Not all exchanges have disclosed wallet addresses for the funds, however.
According to a new report published by blockchain analytics firm Nansen on June 14, most reputable cryptocurrency exchanges adopted user protection funds amid the collapse of FTX. Together, exchanges such as Binance, OKX and Bitget have more than $2 billion combined in nominal fiat protection funds. Meanwhile, Huobi’s insurance fund is collateralized by 20,000 Bitcoin (BTC), while Coinbase grants up to 150,000 British pounds ($189,140) worth of insurance to U.K. customers’ accounts. The Nansen researchers wrote:
“Proof of Reserves should become the minimum standard in the exchange industry, However, as stated above, these are both positive indicators for an exchange but do not guarantee its solvency.”
Among other items, Binance has maintained the top spot with regard to both spot and derivatives trading volume. In the spot sector, the exchange had an overall market share of 69% and a monthly trading volume of $209.5 billion in May. In the spot markets, Kraken’s trading volume increased the most, gaining 14.35% to reach $18.9 billion in the six months following FTX’s collapse, compared with the preceding six months. Meanwhile, Bitfinex’s trading volume fell the most, dropping 59.5% to $5 billion in the same period.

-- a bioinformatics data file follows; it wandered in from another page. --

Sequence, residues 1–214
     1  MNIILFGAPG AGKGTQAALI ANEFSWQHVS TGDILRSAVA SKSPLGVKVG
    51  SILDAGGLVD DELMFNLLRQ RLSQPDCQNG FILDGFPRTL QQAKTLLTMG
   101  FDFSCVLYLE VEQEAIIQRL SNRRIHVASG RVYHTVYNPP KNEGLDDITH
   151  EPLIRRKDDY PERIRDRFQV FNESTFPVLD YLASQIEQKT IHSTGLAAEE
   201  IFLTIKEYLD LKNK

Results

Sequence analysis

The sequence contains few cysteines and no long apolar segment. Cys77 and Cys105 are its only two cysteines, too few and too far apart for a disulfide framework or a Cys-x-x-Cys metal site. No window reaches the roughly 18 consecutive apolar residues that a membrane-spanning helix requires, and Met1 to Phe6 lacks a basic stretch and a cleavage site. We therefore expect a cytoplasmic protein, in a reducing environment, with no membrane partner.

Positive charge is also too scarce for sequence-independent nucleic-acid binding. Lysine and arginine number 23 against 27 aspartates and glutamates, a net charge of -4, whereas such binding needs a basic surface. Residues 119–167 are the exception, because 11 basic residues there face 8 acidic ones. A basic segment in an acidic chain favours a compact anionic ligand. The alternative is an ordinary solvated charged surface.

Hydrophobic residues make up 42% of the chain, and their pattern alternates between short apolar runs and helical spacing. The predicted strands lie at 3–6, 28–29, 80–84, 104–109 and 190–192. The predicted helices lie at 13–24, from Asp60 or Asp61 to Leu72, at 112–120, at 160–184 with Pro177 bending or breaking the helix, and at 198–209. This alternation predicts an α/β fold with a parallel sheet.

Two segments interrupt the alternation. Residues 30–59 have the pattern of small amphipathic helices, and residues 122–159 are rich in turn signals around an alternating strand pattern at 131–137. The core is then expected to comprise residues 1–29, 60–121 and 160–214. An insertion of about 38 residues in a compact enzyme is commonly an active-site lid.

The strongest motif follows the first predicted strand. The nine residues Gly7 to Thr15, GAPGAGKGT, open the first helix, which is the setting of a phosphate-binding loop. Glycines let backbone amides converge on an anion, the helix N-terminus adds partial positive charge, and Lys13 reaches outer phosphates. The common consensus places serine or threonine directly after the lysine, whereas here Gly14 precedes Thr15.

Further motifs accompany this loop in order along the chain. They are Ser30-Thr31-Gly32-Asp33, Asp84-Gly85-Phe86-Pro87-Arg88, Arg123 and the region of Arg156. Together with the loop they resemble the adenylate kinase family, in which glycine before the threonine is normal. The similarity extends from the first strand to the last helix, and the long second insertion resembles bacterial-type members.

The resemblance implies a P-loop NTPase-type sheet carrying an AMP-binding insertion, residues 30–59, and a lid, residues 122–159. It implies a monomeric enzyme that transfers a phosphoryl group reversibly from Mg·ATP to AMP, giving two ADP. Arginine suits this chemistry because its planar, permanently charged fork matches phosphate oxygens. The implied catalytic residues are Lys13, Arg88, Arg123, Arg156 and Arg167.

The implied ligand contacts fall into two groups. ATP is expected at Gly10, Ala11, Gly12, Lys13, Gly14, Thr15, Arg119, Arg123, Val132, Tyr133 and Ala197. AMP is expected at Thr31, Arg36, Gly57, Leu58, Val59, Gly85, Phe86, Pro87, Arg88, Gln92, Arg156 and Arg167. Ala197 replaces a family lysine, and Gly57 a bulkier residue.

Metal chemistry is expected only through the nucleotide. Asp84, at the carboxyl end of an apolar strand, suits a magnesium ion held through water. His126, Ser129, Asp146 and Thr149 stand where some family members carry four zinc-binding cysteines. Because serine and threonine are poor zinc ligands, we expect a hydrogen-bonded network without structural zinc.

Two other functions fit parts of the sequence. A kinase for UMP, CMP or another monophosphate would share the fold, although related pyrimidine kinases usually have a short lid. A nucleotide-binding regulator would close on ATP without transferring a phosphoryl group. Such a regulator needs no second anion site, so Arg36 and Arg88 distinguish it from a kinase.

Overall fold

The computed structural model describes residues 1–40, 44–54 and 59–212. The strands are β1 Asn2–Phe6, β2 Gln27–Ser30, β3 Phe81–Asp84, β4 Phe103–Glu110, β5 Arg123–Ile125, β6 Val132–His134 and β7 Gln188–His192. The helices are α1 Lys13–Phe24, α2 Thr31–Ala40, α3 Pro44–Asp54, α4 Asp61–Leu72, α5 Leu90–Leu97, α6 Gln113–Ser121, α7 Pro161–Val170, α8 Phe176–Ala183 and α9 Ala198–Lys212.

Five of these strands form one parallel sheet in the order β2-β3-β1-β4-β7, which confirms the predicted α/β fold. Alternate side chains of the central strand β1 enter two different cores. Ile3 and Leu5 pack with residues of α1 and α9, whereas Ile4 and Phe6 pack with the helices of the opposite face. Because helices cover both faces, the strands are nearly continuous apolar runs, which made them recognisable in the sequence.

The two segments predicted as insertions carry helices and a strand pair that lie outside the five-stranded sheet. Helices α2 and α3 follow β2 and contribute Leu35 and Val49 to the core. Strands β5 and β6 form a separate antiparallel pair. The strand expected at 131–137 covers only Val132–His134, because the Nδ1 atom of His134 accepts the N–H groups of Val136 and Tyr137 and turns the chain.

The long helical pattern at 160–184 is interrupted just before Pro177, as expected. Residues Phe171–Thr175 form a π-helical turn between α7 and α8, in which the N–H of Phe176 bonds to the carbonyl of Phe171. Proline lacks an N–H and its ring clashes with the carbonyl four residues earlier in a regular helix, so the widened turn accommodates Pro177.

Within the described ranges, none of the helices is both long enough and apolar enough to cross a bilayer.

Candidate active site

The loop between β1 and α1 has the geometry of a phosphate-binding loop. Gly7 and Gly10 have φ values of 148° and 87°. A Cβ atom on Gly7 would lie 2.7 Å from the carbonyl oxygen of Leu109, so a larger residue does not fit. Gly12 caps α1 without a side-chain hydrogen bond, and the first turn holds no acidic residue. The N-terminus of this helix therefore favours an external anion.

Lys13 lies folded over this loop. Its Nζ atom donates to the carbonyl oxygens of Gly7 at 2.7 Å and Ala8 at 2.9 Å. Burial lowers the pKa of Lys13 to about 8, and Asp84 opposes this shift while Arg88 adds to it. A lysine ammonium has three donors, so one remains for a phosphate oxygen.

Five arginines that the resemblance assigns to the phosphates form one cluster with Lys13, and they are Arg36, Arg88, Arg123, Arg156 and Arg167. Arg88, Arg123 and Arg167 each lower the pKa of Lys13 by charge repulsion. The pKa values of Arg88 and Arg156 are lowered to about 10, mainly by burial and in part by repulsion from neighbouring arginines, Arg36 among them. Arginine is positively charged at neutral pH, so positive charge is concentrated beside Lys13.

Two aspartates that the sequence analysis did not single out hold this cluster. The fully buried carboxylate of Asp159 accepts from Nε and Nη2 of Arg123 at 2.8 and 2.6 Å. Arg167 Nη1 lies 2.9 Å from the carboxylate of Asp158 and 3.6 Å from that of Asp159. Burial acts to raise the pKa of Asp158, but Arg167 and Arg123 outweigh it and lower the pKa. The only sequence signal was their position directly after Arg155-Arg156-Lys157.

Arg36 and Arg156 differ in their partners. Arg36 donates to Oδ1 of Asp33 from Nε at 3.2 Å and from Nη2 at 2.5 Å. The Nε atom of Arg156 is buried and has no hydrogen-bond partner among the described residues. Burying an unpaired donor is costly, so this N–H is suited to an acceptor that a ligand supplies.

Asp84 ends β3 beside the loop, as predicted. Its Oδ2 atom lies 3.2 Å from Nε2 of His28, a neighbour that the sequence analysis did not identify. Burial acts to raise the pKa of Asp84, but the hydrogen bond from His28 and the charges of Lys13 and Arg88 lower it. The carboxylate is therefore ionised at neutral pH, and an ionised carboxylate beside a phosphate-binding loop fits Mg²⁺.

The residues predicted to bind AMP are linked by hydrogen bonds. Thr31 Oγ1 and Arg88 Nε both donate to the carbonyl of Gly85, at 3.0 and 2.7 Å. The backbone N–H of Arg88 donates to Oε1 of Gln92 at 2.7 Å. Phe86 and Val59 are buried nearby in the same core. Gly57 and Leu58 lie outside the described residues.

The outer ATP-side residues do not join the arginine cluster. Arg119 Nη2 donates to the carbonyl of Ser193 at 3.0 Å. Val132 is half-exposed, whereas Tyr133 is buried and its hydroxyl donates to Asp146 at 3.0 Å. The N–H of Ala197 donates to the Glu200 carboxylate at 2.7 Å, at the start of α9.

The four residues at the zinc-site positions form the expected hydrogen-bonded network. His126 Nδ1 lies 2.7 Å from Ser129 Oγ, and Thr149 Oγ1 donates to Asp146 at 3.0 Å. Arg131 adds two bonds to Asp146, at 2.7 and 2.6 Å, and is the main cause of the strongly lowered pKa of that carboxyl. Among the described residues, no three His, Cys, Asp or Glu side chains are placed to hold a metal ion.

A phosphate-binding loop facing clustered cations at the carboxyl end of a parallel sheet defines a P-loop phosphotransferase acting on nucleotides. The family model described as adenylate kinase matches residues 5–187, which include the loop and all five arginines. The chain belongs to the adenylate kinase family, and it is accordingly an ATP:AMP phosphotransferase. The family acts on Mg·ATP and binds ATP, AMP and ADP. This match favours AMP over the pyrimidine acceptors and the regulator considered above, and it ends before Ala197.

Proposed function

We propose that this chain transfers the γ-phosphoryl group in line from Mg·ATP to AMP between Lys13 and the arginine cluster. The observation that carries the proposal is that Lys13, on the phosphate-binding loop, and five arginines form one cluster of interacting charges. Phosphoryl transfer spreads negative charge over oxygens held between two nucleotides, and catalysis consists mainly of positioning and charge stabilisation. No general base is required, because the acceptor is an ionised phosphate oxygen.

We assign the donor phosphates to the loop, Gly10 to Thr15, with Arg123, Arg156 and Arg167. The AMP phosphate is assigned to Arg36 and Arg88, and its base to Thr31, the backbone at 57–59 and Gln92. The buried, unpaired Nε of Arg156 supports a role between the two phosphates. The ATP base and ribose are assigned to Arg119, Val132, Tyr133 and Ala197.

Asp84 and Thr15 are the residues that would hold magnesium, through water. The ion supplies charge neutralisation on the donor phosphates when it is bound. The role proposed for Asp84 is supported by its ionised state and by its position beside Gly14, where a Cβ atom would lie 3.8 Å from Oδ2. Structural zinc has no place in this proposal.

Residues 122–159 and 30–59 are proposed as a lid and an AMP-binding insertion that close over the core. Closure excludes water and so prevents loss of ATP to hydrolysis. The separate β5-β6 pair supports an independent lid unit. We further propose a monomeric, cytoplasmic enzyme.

As for crypto derivatives, all exchanges saw declines amid FTX’s collapse except for Bitget, whose average six-month trading volume increased by 4.85% sequentially to $204.1 billion. Bitget, Bybit and Binance have performed relatively well since the FTX collapse, the researchers wrote. Nevertheless, Nansen cautioned that the uncertain regulatory environment in the United States casts a shadow on exchanges’ growth:
“The SEC Chair Gary Gensler has posited that nearly all tokens are securities. This has prevented many exchanges from operating in the US. If the US takes this official position, it could cause significant issues throughout the world for CEXs. It will be worth carefully monitoring the position taken here.”